BOOK OF FIRE, CARY WATERMAN‘S FOURTH POETRY COLLECTION, appeared during the same week lightning struck a pine in the Boundary Waters, starting the Pagami Creek fire, the largest wildfire in Minnesota since 1918. The book’s cover painting seems to depict a cluster of birches burning; look again, though, and the vivid magentas and oranges and golds could just as easily be innocent fall colors, not flames at all. The painting — and the poems within — are open-eyed and fearless, as though they’ve come to challenge the conflagration, or perish in it.
Five sections comprise Book of Fire, and each one begins with a well-chosen epigraph that foreshadows the poems that follow; to continue the fire metaphor, the epigraphs serve as kindling. The first section is unified by a concentrated and contemporary take on the Persephone myth.1 It’s easy to see why this Greek legend appealed to feminists in the 1960s and 70s as a way of talking about the brutality of a patriarchy. It’s also plain to see why the story has persisted historically — the Persephone narrative makes physical and psychological sense, and it’s satisfyingly concise.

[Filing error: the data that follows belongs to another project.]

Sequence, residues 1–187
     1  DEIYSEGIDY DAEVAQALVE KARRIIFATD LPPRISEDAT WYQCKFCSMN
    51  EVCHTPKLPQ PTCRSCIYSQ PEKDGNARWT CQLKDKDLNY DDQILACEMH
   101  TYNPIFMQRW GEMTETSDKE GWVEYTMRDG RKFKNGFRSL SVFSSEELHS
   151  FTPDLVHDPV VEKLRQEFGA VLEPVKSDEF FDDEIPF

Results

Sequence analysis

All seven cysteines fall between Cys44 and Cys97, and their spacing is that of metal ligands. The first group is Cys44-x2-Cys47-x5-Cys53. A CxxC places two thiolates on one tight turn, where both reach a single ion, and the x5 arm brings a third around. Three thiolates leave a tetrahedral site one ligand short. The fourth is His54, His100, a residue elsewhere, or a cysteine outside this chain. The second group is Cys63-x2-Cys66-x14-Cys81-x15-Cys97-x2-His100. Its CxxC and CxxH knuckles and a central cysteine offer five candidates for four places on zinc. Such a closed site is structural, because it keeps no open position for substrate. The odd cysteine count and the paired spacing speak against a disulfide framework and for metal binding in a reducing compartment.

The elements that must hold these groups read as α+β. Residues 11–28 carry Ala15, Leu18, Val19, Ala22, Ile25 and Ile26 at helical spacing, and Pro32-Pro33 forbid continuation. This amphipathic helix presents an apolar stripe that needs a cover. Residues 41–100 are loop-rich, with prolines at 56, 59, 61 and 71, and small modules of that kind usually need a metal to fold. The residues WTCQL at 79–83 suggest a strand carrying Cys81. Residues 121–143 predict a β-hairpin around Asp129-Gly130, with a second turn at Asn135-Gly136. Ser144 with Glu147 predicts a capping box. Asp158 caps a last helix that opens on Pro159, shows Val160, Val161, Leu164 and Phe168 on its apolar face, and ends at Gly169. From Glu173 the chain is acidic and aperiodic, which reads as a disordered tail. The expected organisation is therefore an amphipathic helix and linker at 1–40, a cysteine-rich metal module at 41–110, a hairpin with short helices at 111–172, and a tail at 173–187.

Waterman, herself, uses the myth as a poetic framework in which to explore the ways girls are attracted to danger and the forbidden: “It’s a girl’s job to go to Hades,” she says in one poem, and “All the girls want to be Persephone.” The poems are not bitter, but rather seem reconciled to the seasonal death, and the final one. “In the Garden” recalls not just Persephone and Demeter, but also Eve, another female who was curious, who wanted full knowledge. Many of the poems in this section have an irregular form: phrases dash along with urgency, like broken breathing:
She walked through fire to get here rock face lichen blue iris lake left desire, seduction behind